# How does one emit a single photon?

by Greylorn
Tags: double slit
 PF Gold P: 48 The double-slit experiment produces its mysterious interference pattern only when photons (or electrons) can be sent through the slit pair one at a time. I'd like to find an explanation of the experimental apparatus which is guaranteed to emit only single photons, at time intervals which are significantly greater than c (such a millisecond apart). The question is relevant because if two or more photons are emitted simultaneously, or nearly so, the double-slit experiment ceases to be interesting.
 Sci Advisor P: 7,915 Not quite the double slit experiment, but it addresses the same question. http://arxiv.org/abs/quant-ph/0402001 http://arxiv.org/abs/0801.0979
 Sci Advisor P: 1,549 Usually one uses some transition of a single emitter, which is blocked for a while after the emission of a photon. As an easy picture imagine an atom in an excited state, which emits a photon. After the emission it will take some time for the atom to get into the excited state and decay again, so there is a certain dead time. For a closer look, you might look here:http://www.sciencemag.org/cgi/conten.../290/5500/2282 or here:http://www.sciencemag.org/cgi/conten.../303/5666/1992
P: 2,050

## How does one emit a single photon?

In practice, for the single slit experiment, you would just turn down the intensity (and add neutral density filters to further attenuate the beam) until statistically there is almost never two photons at the same time.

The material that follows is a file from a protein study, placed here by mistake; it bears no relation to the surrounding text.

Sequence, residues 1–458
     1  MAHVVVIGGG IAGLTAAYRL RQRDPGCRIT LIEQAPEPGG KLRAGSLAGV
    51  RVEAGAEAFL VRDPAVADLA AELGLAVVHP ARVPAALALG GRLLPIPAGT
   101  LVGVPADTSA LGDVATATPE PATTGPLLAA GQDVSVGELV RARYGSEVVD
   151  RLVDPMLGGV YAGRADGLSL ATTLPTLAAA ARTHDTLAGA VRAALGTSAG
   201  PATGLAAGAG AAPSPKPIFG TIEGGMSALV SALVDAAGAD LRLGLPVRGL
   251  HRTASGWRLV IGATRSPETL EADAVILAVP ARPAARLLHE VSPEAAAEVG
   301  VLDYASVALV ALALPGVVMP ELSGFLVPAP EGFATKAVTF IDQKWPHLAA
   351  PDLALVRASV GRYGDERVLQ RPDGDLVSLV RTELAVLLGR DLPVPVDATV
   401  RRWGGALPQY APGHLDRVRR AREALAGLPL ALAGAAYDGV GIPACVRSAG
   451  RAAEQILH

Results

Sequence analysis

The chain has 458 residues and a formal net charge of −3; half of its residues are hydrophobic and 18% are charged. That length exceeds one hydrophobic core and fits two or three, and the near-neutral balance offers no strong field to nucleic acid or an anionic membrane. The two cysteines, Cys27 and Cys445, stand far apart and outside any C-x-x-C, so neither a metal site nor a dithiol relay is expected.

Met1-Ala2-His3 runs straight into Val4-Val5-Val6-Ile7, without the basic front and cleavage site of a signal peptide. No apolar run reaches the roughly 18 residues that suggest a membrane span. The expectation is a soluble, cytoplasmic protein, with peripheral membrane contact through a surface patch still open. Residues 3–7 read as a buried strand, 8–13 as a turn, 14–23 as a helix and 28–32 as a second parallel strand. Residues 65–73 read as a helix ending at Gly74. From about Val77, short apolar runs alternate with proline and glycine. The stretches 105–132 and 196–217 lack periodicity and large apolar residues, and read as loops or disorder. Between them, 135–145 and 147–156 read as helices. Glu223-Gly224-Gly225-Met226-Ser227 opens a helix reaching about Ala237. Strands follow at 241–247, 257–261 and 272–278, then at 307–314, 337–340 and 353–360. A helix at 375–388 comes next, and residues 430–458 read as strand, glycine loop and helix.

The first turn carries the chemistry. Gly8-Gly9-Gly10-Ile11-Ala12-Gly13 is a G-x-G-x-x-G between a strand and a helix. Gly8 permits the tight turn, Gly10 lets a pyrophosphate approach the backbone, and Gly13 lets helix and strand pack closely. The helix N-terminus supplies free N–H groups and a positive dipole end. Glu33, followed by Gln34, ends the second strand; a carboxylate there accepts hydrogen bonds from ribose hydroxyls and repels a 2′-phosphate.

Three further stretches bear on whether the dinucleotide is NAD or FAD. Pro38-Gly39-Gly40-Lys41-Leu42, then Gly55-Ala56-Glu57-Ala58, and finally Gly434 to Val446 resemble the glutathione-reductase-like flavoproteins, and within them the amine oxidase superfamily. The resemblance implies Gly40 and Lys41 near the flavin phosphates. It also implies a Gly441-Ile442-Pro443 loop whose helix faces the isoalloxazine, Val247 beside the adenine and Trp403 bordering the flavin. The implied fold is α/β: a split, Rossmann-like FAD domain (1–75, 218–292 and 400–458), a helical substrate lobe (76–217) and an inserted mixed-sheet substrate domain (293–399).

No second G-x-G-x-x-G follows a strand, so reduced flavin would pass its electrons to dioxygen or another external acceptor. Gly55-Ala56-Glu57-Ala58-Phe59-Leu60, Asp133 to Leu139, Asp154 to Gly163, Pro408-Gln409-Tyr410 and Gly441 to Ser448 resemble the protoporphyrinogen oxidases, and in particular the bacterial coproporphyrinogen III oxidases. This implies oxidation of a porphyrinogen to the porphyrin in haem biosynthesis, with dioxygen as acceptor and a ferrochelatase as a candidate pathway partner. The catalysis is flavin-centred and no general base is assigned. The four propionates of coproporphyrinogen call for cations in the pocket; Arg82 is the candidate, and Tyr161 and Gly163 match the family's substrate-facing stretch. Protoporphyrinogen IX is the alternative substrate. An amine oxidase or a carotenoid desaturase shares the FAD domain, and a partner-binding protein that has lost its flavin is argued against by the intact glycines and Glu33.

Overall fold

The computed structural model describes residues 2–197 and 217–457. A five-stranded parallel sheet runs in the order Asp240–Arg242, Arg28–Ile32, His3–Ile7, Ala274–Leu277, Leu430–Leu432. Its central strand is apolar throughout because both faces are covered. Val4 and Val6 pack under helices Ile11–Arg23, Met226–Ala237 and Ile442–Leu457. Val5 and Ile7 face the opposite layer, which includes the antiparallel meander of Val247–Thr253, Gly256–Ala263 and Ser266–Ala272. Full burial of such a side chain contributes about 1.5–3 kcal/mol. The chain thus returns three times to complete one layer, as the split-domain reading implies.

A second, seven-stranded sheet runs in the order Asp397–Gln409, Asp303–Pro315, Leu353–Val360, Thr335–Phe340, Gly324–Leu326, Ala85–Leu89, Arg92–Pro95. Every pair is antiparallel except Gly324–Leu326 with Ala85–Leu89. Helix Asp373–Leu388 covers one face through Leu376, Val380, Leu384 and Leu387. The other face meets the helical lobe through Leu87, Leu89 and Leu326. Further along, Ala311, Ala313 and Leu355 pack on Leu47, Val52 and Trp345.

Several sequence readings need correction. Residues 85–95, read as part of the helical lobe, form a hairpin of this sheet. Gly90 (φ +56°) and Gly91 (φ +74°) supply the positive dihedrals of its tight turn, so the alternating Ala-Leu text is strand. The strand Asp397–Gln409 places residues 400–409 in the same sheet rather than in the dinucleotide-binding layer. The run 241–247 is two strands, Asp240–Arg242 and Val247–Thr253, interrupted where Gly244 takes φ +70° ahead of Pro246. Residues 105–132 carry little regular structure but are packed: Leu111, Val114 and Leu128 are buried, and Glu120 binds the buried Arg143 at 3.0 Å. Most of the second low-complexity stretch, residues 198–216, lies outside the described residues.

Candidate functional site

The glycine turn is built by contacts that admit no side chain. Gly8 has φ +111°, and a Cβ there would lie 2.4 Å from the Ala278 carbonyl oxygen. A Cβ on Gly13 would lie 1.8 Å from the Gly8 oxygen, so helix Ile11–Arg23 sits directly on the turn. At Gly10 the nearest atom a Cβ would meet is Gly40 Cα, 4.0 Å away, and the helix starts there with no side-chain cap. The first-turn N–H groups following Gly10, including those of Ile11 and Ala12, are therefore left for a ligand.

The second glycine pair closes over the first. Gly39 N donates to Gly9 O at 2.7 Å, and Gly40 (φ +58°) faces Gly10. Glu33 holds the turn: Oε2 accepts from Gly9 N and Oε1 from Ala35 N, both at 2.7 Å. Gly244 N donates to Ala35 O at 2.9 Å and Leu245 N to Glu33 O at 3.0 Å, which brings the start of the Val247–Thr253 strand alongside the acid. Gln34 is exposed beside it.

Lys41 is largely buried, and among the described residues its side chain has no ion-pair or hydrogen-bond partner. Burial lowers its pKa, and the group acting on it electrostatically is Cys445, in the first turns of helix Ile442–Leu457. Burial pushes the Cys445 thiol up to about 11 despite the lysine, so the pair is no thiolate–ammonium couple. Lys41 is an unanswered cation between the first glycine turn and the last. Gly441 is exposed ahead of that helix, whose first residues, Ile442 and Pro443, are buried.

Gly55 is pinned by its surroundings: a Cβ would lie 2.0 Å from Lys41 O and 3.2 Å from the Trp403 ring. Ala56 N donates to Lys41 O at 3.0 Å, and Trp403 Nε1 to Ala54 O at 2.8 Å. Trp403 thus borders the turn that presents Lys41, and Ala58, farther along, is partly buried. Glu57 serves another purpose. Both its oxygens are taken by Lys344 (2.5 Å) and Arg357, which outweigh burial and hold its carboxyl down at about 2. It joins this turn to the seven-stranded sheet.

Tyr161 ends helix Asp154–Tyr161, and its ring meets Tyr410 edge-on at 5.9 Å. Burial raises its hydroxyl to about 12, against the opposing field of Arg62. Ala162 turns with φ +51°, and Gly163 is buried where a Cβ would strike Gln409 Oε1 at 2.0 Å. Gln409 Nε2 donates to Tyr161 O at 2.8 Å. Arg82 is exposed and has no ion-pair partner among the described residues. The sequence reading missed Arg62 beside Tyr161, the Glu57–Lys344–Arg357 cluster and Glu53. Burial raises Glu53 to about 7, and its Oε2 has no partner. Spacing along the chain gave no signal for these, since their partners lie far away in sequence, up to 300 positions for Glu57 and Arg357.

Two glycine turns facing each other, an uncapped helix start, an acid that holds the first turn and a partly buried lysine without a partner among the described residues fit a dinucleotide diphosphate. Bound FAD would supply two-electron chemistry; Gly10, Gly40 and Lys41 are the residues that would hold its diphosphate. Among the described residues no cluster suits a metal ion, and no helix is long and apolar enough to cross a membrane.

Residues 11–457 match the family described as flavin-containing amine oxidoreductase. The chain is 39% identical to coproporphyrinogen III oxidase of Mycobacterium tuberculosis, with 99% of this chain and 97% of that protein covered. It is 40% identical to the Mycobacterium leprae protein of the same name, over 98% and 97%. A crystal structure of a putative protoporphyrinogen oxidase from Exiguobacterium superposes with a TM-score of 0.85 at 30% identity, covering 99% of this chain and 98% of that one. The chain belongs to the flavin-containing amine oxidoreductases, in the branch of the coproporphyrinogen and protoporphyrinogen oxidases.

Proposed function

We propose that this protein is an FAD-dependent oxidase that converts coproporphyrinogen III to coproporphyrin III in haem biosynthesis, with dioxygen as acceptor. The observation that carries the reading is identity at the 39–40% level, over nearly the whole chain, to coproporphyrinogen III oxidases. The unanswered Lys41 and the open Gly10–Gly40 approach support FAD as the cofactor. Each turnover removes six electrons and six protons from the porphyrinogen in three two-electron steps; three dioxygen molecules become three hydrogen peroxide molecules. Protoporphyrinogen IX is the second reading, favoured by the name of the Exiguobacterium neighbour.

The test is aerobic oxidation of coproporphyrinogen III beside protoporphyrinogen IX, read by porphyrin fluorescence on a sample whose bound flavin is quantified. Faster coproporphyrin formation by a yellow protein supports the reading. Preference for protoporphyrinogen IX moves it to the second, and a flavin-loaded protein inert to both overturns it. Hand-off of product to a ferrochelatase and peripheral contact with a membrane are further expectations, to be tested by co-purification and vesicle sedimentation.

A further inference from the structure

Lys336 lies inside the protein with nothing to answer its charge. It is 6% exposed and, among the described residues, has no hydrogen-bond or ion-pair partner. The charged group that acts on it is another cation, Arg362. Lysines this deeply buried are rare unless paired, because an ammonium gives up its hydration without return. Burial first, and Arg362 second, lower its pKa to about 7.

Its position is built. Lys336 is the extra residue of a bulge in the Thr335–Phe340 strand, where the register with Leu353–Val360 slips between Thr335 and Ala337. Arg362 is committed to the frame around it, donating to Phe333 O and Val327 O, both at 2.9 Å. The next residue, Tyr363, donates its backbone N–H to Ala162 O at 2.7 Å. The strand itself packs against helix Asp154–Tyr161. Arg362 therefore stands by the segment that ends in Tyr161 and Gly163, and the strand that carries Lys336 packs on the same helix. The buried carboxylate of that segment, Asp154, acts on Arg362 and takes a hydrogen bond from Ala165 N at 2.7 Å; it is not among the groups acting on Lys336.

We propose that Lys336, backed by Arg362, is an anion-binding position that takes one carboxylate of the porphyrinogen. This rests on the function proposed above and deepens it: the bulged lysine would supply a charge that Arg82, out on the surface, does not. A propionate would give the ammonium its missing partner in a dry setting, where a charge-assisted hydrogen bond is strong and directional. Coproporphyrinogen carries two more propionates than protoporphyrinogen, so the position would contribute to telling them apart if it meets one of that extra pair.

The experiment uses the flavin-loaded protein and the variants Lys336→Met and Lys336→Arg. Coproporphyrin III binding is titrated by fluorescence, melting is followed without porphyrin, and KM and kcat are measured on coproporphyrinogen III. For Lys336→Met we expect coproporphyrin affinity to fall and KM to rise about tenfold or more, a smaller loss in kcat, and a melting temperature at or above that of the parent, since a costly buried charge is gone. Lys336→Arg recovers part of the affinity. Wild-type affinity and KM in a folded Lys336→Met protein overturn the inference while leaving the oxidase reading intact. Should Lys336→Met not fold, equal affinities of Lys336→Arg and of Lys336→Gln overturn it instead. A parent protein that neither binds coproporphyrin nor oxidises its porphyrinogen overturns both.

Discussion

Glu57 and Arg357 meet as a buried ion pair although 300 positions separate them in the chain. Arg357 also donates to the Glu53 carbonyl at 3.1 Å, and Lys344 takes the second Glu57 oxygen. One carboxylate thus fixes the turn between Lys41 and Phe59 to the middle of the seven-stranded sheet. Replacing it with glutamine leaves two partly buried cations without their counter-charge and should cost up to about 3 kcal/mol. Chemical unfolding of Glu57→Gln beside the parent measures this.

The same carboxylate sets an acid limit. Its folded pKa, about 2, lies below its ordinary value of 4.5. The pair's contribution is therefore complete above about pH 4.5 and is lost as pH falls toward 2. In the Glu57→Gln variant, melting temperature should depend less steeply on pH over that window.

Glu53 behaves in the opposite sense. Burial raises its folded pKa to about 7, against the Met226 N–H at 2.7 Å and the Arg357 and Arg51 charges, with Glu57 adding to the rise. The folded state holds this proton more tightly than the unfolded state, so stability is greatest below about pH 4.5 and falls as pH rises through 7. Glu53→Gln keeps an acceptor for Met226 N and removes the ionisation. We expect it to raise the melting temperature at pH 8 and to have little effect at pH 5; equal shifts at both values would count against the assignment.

PF Gold
P: 2,176
 Quote by cesiumfrog In practice, for the single slit experiment, you would just turn down the intensity (and add neutral density filters to further attenuate the beam) until statistically there is almost never two photons at the same time.
No, modern single photon sources ARE really single photon sources; they are not just "sources with low intensity". I.e. in theory they fire ONE photon everytime they are triggered and at a well definied time.
In reality they "misfire" occasionally (i.e. emitt a photon even when there is no trigger) and occasionally they will fire more than one photon; so they are not perfect (yet) but since e.g. quantum crypthography relies on such sources there is a lot of money and effort being put into their development.

When the photons are generated using parametric downconversion one can also use a scheme where the experiment is gated; due to conservation of momentum the two photons travel in different directions meaning you can use one of them to gate the other; i.e. you let the "extra" photon hit a detector which in turn generates a signal that can then be used to to tell when a photon reached the experimental apparatus; then you discard any "extra" photons. This is how "slit experiments" (single,double, tripple...) are usually done nowadays.